Thursday, January 08, 2009

Crazy WASL+ 5th Grade Sight Reading Standard, 10th grade Cubist portrait revised

Somebody asked me where the link to the wacky 5th grade sight reading / singing exercise was and looks like it's gone, but it's been revised. Here was my previous review from a year ago: which complains about asking students to draw a cubist picture of a friend with nipples showing through her shirt or as surrealist lipstick on a garage door. Fifth graders were asked to pick an animal, and compose and sing their own song, as well as sing BY SIGHT a melody from sheet music they had never performed before. Most fifth graders are doing well if they can sing along with kumbaya to a CD player. Most college music majors don't have to, and could not pass such a test.

Well, they've revised standards at here: and the classroom based assessment from hell has been improved to "from heck". This whole thing has to be chucked into the can, not just "revised".

The new "zoo tunes" at allows you to play an instrument rather than sing to perform the composition, and it does not require sight-singing, which is still in the 8th grade version

"Students are asked to perform a sight-singing exercise of four measures of music. Students will be assessed on their understanding of rhythm and steady beat and their ability to perform in the designated key with accurate interval changes, acappella." but the actual test is not posted. My violin teacher was professor at U Washington for string majors, and NONE of his students had to, or even was likely to be able to pass such a test to get a music major degree in COLLEGE.

Here's what they ask 5th graders, it's still completely crazy.

A local zoo is looking for fifth grade music students to entertain its visitors during the summer. You are a musician who would like to be one of the entertainers. The zoo director requires you to perform the following task to determine whether you are selected.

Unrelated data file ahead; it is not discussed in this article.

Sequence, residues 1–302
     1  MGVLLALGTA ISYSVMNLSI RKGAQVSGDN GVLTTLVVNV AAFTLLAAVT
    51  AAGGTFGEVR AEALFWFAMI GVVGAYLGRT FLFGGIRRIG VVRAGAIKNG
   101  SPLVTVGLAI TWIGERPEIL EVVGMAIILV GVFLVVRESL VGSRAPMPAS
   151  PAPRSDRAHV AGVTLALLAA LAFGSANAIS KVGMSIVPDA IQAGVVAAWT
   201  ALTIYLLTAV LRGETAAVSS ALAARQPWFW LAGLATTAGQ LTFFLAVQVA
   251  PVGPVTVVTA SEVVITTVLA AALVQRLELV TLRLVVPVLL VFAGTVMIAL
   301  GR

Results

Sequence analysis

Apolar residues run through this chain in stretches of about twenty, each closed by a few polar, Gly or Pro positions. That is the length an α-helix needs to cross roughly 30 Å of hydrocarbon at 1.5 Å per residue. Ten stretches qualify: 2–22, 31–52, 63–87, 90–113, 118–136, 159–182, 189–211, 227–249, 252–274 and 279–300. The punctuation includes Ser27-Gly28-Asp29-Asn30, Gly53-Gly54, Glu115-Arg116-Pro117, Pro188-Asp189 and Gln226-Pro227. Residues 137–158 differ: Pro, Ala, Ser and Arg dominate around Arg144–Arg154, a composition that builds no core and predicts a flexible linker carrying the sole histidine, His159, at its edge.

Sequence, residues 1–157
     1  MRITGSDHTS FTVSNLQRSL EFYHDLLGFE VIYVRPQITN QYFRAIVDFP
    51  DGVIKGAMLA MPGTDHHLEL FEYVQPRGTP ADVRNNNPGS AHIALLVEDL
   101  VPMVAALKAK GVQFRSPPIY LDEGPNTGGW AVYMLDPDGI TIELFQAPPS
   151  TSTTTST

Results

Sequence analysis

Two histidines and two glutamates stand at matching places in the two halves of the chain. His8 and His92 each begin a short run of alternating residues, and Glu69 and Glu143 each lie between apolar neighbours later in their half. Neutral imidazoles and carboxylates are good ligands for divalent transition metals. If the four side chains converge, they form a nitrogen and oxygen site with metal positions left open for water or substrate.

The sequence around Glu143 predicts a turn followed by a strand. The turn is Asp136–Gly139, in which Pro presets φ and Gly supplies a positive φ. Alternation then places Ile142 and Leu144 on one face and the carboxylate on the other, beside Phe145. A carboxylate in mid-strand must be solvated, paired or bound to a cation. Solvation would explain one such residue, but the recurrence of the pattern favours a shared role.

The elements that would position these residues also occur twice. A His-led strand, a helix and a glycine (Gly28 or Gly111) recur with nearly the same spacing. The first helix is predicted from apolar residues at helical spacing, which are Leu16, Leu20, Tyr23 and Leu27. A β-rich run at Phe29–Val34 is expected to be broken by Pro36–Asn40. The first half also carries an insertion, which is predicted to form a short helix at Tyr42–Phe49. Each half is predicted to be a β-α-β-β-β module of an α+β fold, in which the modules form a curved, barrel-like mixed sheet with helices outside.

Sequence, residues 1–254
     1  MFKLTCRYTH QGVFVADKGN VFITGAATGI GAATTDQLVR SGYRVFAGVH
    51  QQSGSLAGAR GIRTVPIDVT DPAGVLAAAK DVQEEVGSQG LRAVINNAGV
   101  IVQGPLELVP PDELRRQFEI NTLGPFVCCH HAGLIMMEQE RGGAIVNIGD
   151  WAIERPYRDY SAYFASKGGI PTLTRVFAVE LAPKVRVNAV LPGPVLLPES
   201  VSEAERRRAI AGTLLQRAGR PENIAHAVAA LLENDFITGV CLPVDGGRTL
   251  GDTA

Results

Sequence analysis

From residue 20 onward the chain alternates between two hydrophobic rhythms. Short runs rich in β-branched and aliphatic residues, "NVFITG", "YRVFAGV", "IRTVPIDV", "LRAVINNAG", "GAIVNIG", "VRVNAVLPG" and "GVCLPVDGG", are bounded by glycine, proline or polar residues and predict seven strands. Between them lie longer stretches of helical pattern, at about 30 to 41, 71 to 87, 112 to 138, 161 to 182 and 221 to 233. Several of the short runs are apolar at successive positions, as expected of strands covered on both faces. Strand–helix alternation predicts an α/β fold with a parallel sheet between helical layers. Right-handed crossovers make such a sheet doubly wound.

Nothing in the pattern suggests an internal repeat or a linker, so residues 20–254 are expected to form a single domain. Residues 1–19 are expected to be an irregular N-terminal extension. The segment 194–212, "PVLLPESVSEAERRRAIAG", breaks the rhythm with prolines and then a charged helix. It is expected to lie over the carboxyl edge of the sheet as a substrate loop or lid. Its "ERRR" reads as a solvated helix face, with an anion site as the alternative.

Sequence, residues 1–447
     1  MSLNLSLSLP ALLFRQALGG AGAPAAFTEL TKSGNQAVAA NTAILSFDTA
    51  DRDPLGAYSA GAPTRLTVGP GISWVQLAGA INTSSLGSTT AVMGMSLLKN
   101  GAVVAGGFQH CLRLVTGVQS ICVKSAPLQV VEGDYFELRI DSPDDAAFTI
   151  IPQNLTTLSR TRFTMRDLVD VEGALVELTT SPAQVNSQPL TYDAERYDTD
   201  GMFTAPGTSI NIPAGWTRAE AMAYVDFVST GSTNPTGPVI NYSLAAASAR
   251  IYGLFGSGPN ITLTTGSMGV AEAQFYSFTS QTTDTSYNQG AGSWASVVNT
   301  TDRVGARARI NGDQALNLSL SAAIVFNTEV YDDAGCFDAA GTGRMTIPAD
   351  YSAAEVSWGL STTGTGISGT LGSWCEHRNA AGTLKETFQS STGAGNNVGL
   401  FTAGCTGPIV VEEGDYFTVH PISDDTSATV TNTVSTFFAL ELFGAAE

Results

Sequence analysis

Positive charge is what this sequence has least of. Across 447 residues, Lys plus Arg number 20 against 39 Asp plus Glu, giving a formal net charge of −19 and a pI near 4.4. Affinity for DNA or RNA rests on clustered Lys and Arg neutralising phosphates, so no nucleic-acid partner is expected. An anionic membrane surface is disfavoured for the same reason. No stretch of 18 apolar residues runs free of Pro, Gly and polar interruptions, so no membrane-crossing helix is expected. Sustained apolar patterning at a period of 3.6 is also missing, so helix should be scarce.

During your audition, the zoo director asks you to create a composition about an animal. Your composition must follow the audition guidelines. You will be evaluated on your use of different musical elements and form. The zoo director requires that you perform your composition with your voice or instrument and fill out a response sheet regarding your composition.
The zoo director tells you that you must meet the following guidelines for creating your composition:
• Choose an animal and determine the voice or instrument that represents it best.(WTF?)
• Write a composition in ABA form using standard or non-standard notation. (WTF?)
• Correctly label each section of the composition using the letters A, B, and A.
• Create a composition that is 12 measures or more in length - example: Section A is 4 measures, Section B is 4 measures, then repeat the four measures of Section A again.(Do 5th graders know what a measure IS?)
(Note: If you are using non-standard notation your piece will run approximately 15- 20 seconds in length.)
• Notate your composition either on the staff paper or on the blank paper provided, so that it is readable and performable. If using non-standard notation, a legend or definition of symbols should be included.
• Demonstrate at least three of the following musical elements in your notation while portraying your animal:
· beat
· rhythm
· pitch
· melody
· harmony
· texture
· timbre/tone color (WTF?)
· dynamics
· tempo
(Some of this is college music theory level stuff)
For your performance, the zoo director requires you to:
• tell what animal you chose,(and not why?)
• identify the musical elements (3 minimum) you chose to portray your animal,
• identify how the musical elements you chose reflect the animal,
• perform your composition in ABA form,
• perform your piece without noticeable interruption, and
• perform using proper technique for your voice or instrument.
The zoo director expects you to create, rehearse, and perform your composition. Then fill out the response sheet provided.

The visual arts exercise that expected 10th graders to paint or draw realistic portraits using impressionist, cubist, or surrealist techniques and explain how color values supported 3D with samples that were in black and white, putting lipstick on a garage door, or had a distorted face with nipples showing is now "revised" into a vegetable still life. Nobody came back to me to agree that this was a truly stupid assessment.